Origami Kusudama Flower Balls

Origami –  how difficult is it? Fold a piece of paper to form a peak, and you have a mountain fold. Fold it the opposite direction, and you have a valley fold. Make a couple of folds, then open them up a bit and squash them, and you have – tada – a squash fold.

Its just mountains and valleys…. How hard could it be?
– Unknown –

My youngest daughter has been making origami Kusudama flower balls. I asked her to teach me how.

We started with a trip to a Hobby Lobby to buy a package of 12 inch by 12 inch patterned paper, a stick of super sticky glue (double sided clear tape or a glue gun would work too), and some  long paper clips.

I would have bought a paper cutter if I didn’t already have one, because each sheet of 12 inch paper had to be cut into four 6 inch by 6 inch squares. If I had wanted smaller flowers, I could have cut the paper into smaller squares. For the project I had in mind, I needed to make 24 flowers. 5 petals per flower. 120 squares of paper.

black white

There are many websites and YouTube videos that explain how to fold each flower petal, but I’ll fast forward through that rather tedious process so I can display the flowers themselves. The photo above shows some of the petals in various stages of being joined to create a finished flower (which is the one in the centre of the photo.)

black and white

In the photo above, I’m almost finished one half of a Kusudama Ball. Six flowers form half a ball. I used the paper clips to hold the glued sections together until the glue dried.

black white

Once the half ball was finished, I attached it to a thick piece of black cardboard and mounted it in a frame.

I could have joined two half balls and made a full ball to hang from the ceiling.

The boredom of making 120 petals was relieved somewhat by the variety of papers I chose. If they had all been one colour, or solid colours, I might have abandoned the project!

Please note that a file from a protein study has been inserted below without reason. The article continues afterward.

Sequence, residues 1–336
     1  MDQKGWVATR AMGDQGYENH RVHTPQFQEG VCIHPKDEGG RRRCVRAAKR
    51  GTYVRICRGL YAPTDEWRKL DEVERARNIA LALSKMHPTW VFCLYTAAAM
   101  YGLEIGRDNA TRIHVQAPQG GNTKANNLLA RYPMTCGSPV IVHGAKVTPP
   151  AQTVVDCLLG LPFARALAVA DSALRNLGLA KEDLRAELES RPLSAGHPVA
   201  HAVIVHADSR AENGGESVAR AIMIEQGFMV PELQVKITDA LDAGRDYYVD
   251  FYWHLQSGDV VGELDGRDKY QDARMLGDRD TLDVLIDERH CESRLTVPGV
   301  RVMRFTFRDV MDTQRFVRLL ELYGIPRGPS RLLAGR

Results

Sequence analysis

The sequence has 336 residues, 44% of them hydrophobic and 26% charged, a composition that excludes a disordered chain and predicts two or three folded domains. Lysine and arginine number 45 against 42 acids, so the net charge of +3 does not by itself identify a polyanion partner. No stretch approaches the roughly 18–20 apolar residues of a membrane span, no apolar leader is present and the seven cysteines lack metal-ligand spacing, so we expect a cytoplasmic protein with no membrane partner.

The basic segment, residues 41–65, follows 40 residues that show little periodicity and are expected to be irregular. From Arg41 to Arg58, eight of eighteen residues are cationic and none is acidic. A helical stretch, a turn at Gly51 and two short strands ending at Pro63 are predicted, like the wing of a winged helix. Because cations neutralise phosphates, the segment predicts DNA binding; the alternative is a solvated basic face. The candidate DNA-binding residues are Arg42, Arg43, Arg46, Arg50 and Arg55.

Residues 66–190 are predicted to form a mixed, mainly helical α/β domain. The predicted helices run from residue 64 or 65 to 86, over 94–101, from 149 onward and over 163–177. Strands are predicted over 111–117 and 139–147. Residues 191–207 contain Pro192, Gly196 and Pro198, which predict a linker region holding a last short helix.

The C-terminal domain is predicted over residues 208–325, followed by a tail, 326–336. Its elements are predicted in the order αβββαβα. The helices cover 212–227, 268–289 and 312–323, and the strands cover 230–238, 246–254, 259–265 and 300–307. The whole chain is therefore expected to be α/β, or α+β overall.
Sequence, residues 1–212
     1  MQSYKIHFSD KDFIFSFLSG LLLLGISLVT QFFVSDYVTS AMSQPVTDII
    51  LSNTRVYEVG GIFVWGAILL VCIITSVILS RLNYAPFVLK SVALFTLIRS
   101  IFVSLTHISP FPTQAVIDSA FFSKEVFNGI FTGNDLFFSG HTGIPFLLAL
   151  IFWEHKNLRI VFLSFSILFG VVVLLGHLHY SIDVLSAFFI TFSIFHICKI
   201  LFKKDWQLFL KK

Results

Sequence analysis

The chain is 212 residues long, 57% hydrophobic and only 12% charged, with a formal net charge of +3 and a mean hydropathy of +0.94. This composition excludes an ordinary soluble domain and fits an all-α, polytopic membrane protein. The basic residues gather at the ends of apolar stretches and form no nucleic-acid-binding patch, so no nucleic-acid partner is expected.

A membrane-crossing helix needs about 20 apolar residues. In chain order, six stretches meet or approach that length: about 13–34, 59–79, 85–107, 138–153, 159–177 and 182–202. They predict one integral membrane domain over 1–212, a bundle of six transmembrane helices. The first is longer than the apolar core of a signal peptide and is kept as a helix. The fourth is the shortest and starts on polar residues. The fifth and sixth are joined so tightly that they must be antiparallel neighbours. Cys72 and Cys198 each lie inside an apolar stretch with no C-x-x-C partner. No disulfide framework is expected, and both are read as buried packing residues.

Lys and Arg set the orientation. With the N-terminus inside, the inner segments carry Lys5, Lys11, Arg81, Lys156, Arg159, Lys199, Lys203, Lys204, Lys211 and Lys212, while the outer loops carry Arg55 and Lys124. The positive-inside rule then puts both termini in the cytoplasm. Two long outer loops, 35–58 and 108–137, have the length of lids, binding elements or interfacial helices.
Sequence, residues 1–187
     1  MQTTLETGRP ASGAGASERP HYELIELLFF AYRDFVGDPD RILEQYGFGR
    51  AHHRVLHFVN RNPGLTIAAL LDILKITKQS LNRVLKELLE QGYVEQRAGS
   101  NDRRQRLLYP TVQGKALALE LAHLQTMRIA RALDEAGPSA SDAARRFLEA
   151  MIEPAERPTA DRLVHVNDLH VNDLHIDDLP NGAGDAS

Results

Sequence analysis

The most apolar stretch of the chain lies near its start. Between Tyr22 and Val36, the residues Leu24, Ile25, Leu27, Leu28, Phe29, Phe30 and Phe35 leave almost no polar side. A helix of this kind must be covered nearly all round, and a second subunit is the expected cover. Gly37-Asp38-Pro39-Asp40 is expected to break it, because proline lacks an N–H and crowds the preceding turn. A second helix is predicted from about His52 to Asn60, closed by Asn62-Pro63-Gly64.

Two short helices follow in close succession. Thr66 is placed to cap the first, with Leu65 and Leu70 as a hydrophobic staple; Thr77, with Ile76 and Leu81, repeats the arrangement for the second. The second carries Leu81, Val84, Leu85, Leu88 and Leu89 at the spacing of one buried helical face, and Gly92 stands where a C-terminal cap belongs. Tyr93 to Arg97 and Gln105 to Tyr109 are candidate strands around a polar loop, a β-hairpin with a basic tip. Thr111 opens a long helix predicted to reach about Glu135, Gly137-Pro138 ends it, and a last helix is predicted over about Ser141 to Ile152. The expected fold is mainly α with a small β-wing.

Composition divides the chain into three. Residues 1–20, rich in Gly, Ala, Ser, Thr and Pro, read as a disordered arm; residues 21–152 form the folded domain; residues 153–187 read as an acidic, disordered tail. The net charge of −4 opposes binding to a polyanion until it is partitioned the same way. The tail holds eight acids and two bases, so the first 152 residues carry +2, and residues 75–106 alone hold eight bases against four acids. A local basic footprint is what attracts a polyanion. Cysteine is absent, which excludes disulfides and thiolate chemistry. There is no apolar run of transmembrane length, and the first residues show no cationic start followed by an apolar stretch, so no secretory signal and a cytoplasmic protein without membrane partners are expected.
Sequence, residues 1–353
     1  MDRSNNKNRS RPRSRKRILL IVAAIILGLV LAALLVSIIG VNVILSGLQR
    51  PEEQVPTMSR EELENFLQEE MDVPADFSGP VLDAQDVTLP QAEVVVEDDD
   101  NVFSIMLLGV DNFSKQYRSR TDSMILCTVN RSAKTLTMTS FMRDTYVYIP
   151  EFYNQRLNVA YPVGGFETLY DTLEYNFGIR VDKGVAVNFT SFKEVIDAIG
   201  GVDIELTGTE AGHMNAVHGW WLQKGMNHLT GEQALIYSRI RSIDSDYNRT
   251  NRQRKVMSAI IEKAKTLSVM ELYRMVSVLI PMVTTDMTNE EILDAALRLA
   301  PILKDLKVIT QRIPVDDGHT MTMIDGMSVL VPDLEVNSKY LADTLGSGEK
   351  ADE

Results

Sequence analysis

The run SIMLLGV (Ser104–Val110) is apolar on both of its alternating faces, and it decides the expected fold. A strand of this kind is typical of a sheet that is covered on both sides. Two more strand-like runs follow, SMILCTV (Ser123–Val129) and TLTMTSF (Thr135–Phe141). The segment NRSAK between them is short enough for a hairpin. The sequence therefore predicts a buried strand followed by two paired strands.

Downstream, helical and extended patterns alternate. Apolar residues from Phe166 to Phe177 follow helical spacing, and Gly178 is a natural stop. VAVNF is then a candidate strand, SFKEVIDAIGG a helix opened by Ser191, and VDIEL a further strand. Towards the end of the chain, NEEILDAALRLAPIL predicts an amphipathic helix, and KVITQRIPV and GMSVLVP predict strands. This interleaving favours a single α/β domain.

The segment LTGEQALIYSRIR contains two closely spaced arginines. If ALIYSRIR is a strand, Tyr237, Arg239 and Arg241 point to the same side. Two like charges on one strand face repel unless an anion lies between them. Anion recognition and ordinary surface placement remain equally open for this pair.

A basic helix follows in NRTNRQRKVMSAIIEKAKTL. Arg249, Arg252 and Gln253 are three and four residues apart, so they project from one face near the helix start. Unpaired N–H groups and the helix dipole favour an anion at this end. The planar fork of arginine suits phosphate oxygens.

I don’t suppose any of you have some half finished projects that were simply too boring to finish?!

I was going to start an origami business but was afraid it would fold.
– Unknown –

Those pics are paper-view…
– storm avoider –

20 thoughts on “Origami Kusudama Flower Balls

  1. Absolutely gorgeous!! I’ve never seen kusudama flowers. Love the choice of black and white, too.


    1. I’m decorating a black and white guest bedroom – the patterns were perfect!
      Thanks for reading and commenting. Hope the flowers took your mind off other things…


  2. They look lovely, and I really like the choice of paper/patterns.


    1. The paper manufacturers sure know how to put together great selections! I have a book of Christmas papers too, which will be fun to work with this winter.


      1. One of my favourite things to do is browse round the craft paper or stationery department of a shop. 🙂


  3. I was going to tell you how impressed I was with your beautiful work, but then you hit me with that awful pun, so I won’t.


  4. What a beautiful project! I would love to see what you make with Xmas paper. I have never tried origami – maybe I will now.


  5. Those pics are paper-view( cuz y’all seem to like puns). What an innovative way to decorate your guest room.


    1. Paper-view! Wonderful – I’ll have to add that one to my list of best all time puns!


  6. Hi.

    Congratulations for your youngest daughter making so skillful Kusudama flower balls. Here in my country we love to make
    3D Origami.


    1. I hadn’t seen that kind of origami before. I’ll send the link to my daughter. Thanks for the links – they all add another dimension of interest to my blog!

      Liked by 1 person

Comments are closed.